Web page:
For any business to achieve long-term success, it must first develop a strong brand. At times, this effort might appear to defy the logic of marketing’s textbook cornerstones: price, promotion, place, and product. In practice (and the digital marketplace), marketing your business is less straightforward and much more subtle than ever before.
What allows large companies with a similar offering such as Uber and Lyft to successfully compete among overlapping audiences and price points? The answer to that question is the brand itself. To stand apart from the online noise, your small business will need to identify and successfully communicate the lifestyle your company emanates, its mission and values, as well as its abstract promise (not just the logical solution). Strong and intentional branding should be the foundation of your small business’ marketing campaigns and strategies. Taking the time to build such a foundation will shift your ideal customer’s perspective from seeing your brand as a mere answer or fix to see your business as the only offering that will meet their needs, tangible and intangible. With the following four points in mind, your small business will be able to cultivate a living, breathing brand that can’t be denied.
No. 1: Personality. In order to reach new customers and sustain relationships with returning ones, your business will need to occupy more than just their rational minds. Defining your brand’s personality traits will help your small business relate to the values and culture of your target audience(s), which will, in turn, foster an emotional connection with consumers over time. Start out by paying attention to the personality qualities that are already present within your brand that audiences expect and respond to well. Then, focus on the traits that either aren’t present or fully communicated that you can develop to strengthen the overall brand and its offering.
No. 2: Purpose-built. In order to successfully message and position your small business’ offering, it will need to be clear that your product/service is serving a direct need or answering a relevant question for your intended audience(s). Your brand will need its purpose to be obvious, so you don’t have to resort to describing features and functions rather than the true value of your offering. Ask yourself (and your entire team) the following key questions to define a crystal clear purpose.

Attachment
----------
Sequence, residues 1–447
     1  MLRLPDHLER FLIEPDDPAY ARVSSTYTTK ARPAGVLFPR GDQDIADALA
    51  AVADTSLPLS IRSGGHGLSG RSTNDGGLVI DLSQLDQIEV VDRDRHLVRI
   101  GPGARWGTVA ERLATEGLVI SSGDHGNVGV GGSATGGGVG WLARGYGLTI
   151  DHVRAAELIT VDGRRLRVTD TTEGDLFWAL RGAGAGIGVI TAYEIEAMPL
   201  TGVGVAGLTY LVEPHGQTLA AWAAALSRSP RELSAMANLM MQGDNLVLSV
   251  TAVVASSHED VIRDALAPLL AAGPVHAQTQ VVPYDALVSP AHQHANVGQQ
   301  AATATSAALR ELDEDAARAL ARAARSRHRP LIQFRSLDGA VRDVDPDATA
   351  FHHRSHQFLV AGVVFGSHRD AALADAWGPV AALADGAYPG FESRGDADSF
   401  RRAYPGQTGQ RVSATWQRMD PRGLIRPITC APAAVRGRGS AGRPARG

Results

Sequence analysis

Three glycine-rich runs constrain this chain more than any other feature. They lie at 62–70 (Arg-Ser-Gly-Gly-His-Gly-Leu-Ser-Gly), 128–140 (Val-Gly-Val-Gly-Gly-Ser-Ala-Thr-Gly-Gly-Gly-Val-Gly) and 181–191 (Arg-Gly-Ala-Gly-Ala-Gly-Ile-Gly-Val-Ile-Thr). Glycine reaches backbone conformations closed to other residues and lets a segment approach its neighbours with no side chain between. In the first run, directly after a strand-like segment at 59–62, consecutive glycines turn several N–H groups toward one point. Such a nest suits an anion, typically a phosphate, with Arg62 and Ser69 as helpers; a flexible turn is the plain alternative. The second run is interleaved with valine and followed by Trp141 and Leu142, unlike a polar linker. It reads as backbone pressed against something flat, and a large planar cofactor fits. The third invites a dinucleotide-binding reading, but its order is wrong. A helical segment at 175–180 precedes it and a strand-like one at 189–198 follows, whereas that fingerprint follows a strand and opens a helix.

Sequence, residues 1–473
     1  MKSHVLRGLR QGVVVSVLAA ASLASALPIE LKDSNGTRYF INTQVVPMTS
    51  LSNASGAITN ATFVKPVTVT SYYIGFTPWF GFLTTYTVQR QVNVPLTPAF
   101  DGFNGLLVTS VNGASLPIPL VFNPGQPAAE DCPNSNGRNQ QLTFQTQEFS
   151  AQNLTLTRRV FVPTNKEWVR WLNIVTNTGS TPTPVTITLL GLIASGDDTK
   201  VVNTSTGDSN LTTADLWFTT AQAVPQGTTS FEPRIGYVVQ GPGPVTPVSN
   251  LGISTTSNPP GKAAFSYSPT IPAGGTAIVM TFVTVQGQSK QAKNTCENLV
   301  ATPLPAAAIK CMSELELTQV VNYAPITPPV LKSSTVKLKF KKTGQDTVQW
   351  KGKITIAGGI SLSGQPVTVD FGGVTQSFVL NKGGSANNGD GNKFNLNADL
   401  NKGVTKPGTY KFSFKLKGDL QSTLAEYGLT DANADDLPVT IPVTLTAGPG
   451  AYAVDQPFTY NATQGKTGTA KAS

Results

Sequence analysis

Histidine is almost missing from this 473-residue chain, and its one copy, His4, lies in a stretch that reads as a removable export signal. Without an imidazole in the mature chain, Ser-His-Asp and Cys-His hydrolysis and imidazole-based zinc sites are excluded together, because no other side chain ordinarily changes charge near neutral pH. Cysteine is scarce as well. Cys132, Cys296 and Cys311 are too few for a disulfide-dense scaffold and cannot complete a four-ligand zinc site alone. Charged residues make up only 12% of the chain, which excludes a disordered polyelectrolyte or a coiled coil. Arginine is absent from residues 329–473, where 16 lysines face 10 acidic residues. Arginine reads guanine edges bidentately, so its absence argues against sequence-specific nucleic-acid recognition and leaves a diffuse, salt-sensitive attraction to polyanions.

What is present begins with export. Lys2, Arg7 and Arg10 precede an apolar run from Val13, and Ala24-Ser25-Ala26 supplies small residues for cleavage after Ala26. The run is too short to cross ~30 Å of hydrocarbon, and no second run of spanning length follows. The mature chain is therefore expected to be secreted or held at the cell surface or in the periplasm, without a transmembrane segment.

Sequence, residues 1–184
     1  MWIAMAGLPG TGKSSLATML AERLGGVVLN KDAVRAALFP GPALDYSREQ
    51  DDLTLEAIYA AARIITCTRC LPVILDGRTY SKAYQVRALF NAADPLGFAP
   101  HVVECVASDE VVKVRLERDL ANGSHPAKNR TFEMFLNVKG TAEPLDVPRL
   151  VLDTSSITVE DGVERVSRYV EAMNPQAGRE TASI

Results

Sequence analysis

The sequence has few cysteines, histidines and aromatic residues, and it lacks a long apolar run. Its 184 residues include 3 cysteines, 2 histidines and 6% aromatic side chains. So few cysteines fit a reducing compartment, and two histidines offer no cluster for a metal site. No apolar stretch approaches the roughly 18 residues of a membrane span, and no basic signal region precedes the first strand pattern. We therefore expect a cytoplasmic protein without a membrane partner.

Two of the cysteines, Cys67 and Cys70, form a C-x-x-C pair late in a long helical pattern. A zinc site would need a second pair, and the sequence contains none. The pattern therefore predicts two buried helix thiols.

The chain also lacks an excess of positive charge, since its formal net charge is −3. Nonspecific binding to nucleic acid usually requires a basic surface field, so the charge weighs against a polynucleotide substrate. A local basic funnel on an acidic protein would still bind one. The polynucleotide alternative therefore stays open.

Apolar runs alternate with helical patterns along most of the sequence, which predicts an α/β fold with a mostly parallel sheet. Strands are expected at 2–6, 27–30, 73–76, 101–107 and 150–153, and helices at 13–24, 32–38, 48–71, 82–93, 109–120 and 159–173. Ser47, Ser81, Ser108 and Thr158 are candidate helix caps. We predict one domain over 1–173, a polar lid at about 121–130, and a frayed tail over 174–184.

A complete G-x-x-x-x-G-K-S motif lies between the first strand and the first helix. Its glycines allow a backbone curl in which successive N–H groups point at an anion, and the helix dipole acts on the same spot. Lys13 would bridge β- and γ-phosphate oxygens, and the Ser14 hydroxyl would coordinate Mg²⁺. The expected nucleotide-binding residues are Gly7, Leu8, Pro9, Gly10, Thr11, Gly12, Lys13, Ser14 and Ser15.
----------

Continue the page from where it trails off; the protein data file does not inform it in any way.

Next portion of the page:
- Why do customers use your product/service?
- What are specific cases in which your product/service is needed?
- What are 2-3 areas of business that are impacted by your brand’s offering?
- What are your brand’s unique characteristics directly related to business impact?
- What are 3-5 core company assets that differentiate you from the competition?
No. 3: Promise. Although your small business should expend time, money, and energy into acquiring new customers, it will also be crucial to build trust (and revenue) with your existing customer base. To do this, your brand will need to continue to make, meet, and keep its promises with your audience of satisfied customers. When making promises, remember that no brand or company can be everything to everyone. Go back to your purpose and continue to deliver on your clearly outlined core offering. This is where communication and transparency are key. Do not promise anything that is outside your offering, as this will cause not only confusion but overall dissatisfaction. The biggest and most successful brands are able to build huge, trusting followings because they continually deliver their promises without pretending to be something they aren’t.
No. 4: Patience. Building and maintaining your small business’ brand is an ongoing creative process that will require dedication and flexibility. Keep in mind that the overall progression will occur as an arc over a period of time. The goal is to expose your audience to your offering in a way that influences purchase behavior. The more in sync your brand’s offering and promises are, the better your customers will trust your business. This in turn will generate better feedback that will demonstrate social proof and attract new buyers. All of this takes time and the process is comprised of various cycles. A brand can’t be built overnight.
Blog by Melissa McElhose, the NALA staff writer